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Efforts to Forge New Afghan Government Face Obstacles

Diplomacy: As U.N. seeks to bring unity, Northern Alliance leaders show no desire to share power.


WASHINGTON — For all the euphoria over the pace of military progress, the United States and its allies face serious obstacles as they struggle to convert the fall of northern Afghanistan into long-term political gains.

The United Nations launched the process Wednesday with a unanimous resolution calling for the urgent creation of an interim government and an appeal for member states to support emergency peacekeeping efforts.

But the slow pace of international diplomacy, new rivalries in the scramble for power and tension among commanders have already jeopardized the transition, according to some of the top U.S. experts on Afghanistan.

Creating a post-Taliban government has hit serious potholes, with the Northern Alliance leader on Wednesday declaring his opposition to efforts to install the former Afghan king, Mohammad Zaher Shah, as head of a new broad-based government.

President Burhanuddin Rabbani said through an envoy that the ex-monarch could return to Afghanistan but only as a private citizen.

"Rabbani's statement will make it very difficult for this grand assembly of opposition to materialize," said Teresita Schaffer, a former U.S. ambassador who is now at the Center for Strategic and International Studies in Washington.

It would not be the first time Rabbani has acted as a deal-spoiler, according to U.S. and U.N. sources.

Rabbani seized the presidency after the fall of Afghanistan's communist regime in 1992, when seven warlords agreed to rotate the top political job--an arrangement orchestrated by Pakistan. But Rabbani refused to hand over power when his turn was up.

Under his rule, Afghan warlords went to war against one another, destroying half the capital, Kabul, until the Taliban swept them all from power in 1996.

Rabbani, who supported Iraqi leader Saddam Hussein and opposed the U.S.-led coalition during the 1991 Persian Gulf War, also balked at repeated U.N. efforts to create a broad-based government, according to Peter Tomsen, the last U.S. envoy to Afghanistan, who was there from 1989 to 1992.

"Rabbani is trying to be president again. And there's no one in the Northern Alliance now powerful enough to stop him," said Barnett Rubin, one of the foremost experts on Afghanistan and director of New York University's Center on International Cooperation.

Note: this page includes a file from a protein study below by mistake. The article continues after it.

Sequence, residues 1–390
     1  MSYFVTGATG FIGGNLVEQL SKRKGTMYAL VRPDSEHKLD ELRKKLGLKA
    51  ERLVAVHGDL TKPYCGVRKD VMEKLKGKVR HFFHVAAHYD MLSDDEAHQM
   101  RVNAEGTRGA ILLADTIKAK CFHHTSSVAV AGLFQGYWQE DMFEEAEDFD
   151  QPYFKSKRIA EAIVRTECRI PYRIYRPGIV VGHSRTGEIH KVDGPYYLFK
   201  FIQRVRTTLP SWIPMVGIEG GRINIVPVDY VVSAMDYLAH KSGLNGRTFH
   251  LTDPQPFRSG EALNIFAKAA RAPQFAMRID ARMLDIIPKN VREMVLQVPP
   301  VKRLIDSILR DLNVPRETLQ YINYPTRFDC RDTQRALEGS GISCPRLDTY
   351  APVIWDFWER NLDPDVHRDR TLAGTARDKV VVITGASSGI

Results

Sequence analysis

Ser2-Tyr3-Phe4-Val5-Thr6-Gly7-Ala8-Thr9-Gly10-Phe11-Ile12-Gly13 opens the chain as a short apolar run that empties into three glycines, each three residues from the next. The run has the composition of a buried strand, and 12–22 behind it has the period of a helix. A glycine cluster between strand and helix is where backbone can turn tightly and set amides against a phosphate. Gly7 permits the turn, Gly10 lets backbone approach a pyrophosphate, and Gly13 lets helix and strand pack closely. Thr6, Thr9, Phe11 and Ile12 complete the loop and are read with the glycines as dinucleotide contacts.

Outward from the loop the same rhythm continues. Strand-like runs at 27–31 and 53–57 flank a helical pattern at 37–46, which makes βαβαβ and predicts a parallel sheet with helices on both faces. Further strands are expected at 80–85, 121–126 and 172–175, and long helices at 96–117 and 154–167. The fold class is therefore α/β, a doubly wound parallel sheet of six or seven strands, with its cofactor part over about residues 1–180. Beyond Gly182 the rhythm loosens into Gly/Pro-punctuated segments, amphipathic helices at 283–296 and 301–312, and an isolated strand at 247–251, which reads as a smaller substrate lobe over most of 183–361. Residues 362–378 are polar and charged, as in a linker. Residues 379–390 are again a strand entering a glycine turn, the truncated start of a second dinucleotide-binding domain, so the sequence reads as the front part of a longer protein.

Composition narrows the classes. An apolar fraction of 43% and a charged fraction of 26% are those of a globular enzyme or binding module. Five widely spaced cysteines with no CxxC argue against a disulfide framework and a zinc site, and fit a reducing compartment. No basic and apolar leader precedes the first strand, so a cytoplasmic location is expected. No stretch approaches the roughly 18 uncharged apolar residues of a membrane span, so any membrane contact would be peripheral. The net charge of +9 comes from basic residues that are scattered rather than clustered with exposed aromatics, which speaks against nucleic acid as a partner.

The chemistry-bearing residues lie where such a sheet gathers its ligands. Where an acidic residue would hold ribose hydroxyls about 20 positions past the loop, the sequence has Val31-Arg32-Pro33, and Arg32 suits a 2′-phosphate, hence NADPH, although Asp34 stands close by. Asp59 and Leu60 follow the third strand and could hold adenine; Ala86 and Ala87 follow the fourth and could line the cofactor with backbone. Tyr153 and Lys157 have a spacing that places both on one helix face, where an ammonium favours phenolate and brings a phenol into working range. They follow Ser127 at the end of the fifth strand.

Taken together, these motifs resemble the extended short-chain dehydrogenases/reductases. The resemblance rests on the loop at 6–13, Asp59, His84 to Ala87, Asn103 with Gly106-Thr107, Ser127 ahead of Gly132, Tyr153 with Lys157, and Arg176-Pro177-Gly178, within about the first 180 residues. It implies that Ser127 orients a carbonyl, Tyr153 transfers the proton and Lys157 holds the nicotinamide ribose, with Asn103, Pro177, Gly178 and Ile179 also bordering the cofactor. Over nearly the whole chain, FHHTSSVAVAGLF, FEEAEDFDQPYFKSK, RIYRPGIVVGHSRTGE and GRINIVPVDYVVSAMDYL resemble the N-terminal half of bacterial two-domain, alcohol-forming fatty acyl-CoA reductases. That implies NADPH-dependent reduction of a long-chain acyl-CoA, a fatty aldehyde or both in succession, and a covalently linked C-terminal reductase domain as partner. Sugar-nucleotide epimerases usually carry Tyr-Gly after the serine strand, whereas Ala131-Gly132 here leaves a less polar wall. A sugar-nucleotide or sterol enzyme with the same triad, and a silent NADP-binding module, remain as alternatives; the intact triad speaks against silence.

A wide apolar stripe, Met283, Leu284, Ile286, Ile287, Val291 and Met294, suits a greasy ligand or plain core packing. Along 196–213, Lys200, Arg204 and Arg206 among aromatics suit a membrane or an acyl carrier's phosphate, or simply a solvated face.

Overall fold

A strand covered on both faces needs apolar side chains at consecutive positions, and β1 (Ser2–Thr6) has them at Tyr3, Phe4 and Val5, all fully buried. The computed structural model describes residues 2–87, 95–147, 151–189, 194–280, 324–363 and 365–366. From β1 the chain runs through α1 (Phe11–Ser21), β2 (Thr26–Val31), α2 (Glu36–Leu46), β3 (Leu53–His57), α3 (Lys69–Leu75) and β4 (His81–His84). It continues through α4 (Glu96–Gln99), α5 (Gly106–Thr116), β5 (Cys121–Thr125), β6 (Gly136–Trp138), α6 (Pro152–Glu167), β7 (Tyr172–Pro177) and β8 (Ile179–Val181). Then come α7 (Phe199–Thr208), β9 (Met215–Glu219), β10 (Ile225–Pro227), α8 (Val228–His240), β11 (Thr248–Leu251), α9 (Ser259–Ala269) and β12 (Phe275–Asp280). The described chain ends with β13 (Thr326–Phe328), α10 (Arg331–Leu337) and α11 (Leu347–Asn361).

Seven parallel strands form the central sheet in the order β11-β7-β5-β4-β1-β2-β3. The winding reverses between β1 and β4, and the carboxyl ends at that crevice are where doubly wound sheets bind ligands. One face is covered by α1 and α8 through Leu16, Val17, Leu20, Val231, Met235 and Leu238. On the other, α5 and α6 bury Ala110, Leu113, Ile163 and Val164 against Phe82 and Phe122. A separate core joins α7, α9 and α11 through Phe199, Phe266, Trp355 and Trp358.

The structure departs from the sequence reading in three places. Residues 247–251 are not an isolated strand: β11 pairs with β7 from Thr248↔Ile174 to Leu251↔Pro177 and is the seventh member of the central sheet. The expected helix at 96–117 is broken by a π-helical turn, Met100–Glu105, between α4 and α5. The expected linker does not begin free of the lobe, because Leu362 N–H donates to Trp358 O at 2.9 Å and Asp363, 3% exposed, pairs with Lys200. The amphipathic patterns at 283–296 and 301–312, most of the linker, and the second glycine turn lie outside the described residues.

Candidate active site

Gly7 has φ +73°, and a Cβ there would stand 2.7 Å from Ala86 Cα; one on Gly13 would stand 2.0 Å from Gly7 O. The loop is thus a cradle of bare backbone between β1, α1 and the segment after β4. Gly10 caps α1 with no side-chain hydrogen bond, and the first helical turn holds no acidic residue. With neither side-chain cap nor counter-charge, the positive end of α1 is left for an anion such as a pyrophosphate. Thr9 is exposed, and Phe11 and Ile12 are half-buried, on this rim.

Rabbani's claim to power received a major endorsement from Russian President Vladimir V. Putin last month during a meeting in Dushanbe, Tajikistan.

President Bush has been pressing Putin to urge Rabbani to cooperate with the U.N.

Under Wednesday's U.N. resolution, special envoy Lakhdar Brahimi hopes to convene a summit of Afghanistan's major ethnic, religious and tribal factions to decide the country's future. It will probably meet in the United Arab Emirates, Switzerland or Austria next week, U.S. officials said.

The resolution called on all parties to accept the invitation "without delay, in good faith and without preconditions."

In the meantime, the U.N. appealed to Afghan factions and their foreign supporters to support efforts to "ensure the safety and security" of areas no longer under Taliban control and to respect Kabul as the capital of all Afghan people.

But diplomacy rarely moves quickly. Delay may allow the fractious coalition of minorities in the Northern Alliance to maintain its hold on Kabul, alienating Pushtuns, the country's largest ethnic group, and perhaps paving the way for fighting among anti-Taliban forces.

"The Afghan groups are waiting for the U.N. to be a catalyst for their dialogue, but the U.N. has been too slow, too effete and held too many meetings. They haven't really engaged the Afghans yet," said Tomsen, who keeps in close touch with the various Afghan opposition factions.

"If this process drags on for another 15 to 20 days, it may be too late," Tomsen said.

The Northern Alliance isn't holding together all that well either.

There are reports that one of the three factions that captured the northern city of Mazar-i-Sharif called in airstrikes on one of its purported allies.

Kabul has so far not faced such fallout, as only one faction has troops there. But experts warn that others will want to share the limelight, which could spark further friction.

"The biggest immediate problem is Kabul," said Milton Bearden, who ran the CIA operation against the Soviet invasion of Afghanistan from 1986 to 1989. "If you look at a map, everybody is where they are supposed to be in an ethnic sense, except for Kabul. That's what needs to be fixed--right away."

But because the Northern Alliance is already in place, any effort to secure the capital and prevent infighting could require a major international military presence, he said.

"The United States decided it had to have big military gains before Ramadan and damn the consequences. It didn't spend the time required to pull together an alternative government, so everything we feared has happened," Rubin said.

Fears of anarchy were reflected in a series of telephone calls Wednesday by Pakistani President Pervez Musharraf to Secretary of State Colin L. Powell, British Prime Minister Tony Blair and U.N. Secretary-General Kofi Annan.

Musharraf stressed to all three the need to prevent the Northern Alliance from setting itself up as a government, the need to speed up U.N. diplomatic efforts, and the urgency of putting a multinational force into northern Afghanistan, according to Pakistani officials.

The Pakistani leader also urged all three to agree that Kabul should be designated as a demilitarized city.


Times staff writer William Orme at the United Nations and Maria de Cristofaro of The Times' Rome bureau contributed to this report.

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